ADD (Attention Deficit Disorder)

Attention Deficit Disorder (ADD) is a syndrome defined as the inability to focus attention and having periods of hyperactivity. Attention Deficit Disorder is one of the most frequently diagnosed childhood psychiatric conditions. ADD is a term that has multiple labels, such as "hyperactivity" and "learning disability." ADD describes three different conditions: attention deficit disorder without hyperactivity, attention deficit disorder with hyperactivity, and attention deficit disorder residual type. Attention deficit disorder with hyperactivity (ADHD) is the most common (3% of all school-age children carry this diagnosis). It is a syndrome that affects mainly children and adolescents and is cross-cultural. It seems to be more often found in boys than girls.

Signs and Symptoms

Characteristics of this disorder are as follows in the order of their frequency, which may be mild or severe:

  • Hyperactivity.
  • Excessive, often inappropriate motor activity.
  • Perceptual motor impairment.
  • Emotional instability.
  • General coordination deficit.
  • High levels of distractibility.
  • Failure to finish tasks.
  • Impulsive behavior
  • Disorders of memory and thinking
  • Specific learning disabilities.
  • Speech and hearing problems.
  • Neurological signs.
  • Electroencephalograph (EEG) irregularities.

A child with ADD may be described as disruptive, fidgety, easily frustrated, and having aggressive tendencies and the inability to concentrate. Usually an ADD child has a normal or above average IQ, but is hampered by a short attention span which results in poor school grades.

Possible Causes or Contributing Factors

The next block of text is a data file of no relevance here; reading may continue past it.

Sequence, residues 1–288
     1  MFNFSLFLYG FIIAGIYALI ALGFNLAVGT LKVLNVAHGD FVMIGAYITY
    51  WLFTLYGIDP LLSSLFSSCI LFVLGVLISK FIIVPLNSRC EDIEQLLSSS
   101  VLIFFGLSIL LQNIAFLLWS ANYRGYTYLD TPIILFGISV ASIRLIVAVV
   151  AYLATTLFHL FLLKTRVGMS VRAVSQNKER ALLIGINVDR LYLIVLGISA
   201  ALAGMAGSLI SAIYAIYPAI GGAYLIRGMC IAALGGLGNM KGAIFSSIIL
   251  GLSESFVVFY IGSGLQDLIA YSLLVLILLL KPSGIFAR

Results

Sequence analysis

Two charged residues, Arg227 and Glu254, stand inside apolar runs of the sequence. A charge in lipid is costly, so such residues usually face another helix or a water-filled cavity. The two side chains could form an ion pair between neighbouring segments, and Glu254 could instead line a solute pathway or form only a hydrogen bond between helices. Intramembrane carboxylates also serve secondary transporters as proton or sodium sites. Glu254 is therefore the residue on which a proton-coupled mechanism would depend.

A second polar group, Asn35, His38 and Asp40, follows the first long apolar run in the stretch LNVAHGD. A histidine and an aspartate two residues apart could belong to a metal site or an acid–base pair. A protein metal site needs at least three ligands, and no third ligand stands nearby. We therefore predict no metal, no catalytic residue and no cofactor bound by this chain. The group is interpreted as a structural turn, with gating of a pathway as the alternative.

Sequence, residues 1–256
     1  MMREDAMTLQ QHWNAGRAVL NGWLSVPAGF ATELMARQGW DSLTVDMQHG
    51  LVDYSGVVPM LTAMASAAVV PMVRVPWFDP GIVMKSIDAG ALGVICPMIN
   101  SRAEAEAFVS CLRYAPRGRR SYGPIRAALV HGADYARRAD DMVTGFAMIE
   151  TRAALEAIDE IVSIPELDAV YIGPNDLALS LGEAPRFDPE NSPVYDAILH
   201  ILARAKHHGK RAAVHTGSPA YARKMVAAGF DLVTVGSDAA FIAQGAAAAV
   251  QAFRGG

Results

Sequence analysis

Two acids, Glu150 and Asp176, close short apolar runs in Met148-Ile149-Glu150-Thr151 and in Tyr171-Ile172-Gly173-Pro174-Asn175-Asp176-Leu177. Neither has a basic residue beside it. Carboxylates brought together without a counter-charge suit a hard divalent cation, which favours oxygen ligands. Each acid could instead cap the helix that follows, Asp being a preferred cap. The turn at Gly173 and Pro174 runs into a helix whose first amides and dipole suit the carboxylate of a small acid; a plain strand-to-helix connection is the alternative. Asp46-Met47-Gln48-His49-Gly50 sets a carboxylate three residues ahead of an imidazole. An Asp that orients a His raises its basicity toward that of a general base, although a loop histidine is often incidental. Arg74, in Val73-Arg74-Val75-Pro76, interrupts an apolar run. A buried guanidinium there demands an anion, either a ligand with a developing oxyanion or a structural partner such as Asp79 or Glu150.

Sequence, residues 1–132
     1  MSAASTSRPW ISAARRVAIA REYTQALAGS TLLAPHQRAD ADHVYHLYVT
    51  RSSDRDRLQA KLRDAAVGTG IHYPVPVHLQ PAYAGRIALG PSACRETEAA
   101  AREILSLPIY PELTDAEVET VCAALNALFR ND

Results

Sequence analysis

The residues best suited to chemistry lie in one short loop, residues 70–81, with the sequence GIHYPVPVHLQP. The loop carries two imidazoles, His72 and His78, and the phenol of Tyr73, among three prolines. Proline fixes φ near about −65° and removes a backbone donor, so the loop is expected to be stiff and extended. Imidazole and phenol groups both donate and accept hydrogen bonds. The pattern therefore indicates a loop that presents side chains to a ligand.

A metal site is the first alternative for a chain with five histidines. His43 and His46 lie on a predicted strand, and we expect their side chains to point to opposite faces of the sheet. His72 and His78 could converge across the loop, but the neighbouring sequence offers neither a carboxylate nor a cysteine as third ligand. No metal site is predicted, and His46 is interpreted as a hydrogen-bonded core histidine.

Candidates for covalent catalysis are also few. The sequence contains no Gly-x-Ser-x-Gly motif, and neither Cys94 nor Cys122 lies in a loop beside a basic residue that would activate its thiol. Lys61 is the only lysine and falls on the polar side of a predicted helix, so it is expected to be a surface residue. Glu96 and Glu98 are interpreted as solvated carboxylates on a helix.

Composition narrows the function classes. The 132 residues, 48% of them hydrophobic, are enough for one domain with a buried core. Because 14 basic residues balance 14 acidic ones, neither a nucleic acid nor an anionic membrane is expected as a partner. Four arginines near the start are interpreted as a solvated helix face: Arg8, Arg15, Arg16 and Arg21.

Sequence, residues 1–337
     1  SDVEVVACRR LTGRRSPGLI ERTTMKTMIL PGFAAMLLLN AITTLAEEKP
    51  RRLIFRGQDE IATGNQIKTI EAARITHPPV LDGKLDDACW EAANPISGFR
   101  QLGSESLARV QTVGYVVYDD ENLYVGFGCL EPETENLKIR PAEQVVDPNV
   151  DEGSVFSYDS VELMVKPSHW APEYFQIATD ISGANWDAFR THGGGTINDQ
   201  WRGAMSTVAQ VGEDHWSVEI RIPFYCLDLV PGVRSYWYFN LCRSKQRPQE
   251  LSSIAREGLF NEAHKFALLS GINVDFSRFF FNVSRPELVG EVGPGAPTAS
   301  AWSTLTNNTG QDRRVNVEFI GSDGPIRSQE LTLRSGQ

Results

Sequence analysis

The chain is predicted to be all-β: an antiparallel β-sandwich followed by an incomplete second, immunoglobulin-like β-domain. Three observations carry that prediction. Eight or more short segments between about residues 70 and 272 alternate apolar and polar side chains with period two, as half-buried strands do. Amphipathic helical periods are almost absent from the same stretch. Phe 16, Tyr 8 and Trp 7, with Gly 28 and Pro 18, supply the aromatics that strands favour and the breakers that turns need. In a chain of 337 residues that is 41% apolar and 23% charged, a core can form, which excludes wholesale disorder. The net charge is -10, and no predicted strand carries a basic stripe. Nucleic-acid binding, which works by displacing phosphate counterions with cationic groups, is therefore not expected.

1. Dietary (artificial ingredients, preservatives, additives, refined white flour and sugar).
  2. Food allergies - especially dairy, wheat, corn, yeast, soy, citrus, egg, chocolate and peanuts
  3. Environmental allergies
  4. Essential fatty acid deficiency - faulty pathways may contribute to ADD.
  5. Low blood sugar
  6. Genetic factors - parents of children with ADD often had ADD themselves as a child.
  7. Injury or disease affecting the fetus or newborn - i.e. oxygen deprivation at birth, a mother who smoked during her pregnancy, prenatal trauma to the fetus, fetal alcohol syndrome may be a contributing factor in ADD.
  8. Emotional issues such as boredom or feelings of insecurity may contribute to ADD. Adverse family conditions, such as severe marital discord, large family size, foster care and other conditions can also contribute to ADD.
  9. Heavy metal toxicity - excess levels of metals, such as aluminum, may be be involved in the etiology (J Royal Soc Hlth. 1991; 111:163-168).
  10. Cranial involvement.
  11. Metabolic abnormalities: neurotransmitter synthesis, thyroid hormone synthesis, oxidative pathways, and glucose utilization.
  12. Adrenal function abnormalities - the adrenals produce epinephrine and norepinephrine, two major neurotransmitters.
  13. Recurrent ear infections are twice as common in learning disabled children compared to non-learning disabled children. Frequent ear infections and antibiotic use has been associated with an increased likelihood of developing ADD.
  14. Proper nutrients provide fuel for normal brain development and functioning. Nutrient deficiencies can decrease attention span. Deficiencies of minerals, specifically magnesium, calcium, zinc, iron and copper, have been found more often in ADD children, compared with healthy controls. Magnesium deficiency is the most common.
  15. Dysbiosis, which is an overgrowth of pathogenic flora in the intestines, may trigger ADD. Young children are usually given multiple courses of antibiotic treatment early in life. Antibiotics destroy the healthy probiotic flora in the intestinal tract and encourage the growth of pathogenic bacteria. Dysbiosis has been linked to food allergies, decreased immune function and ADD.